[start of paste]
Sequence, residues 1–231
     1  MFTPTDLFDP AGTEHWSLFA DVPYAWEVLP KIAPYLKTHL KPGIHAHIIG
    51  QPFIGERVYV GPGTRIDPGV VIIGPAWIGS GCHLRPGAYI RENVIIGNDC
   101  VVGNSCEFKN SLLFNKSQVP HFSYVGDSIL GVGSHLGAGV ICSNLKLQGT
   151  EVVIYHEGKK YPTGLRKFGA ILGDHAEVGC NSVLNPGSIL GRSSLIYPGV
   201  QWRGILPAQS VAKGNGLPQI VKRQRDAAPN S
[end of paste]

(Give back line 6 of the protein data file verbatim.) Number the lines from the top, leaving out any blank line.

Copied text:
   201  QWRGILPAQS VAKGNGLPQI VKRQRDAAPN S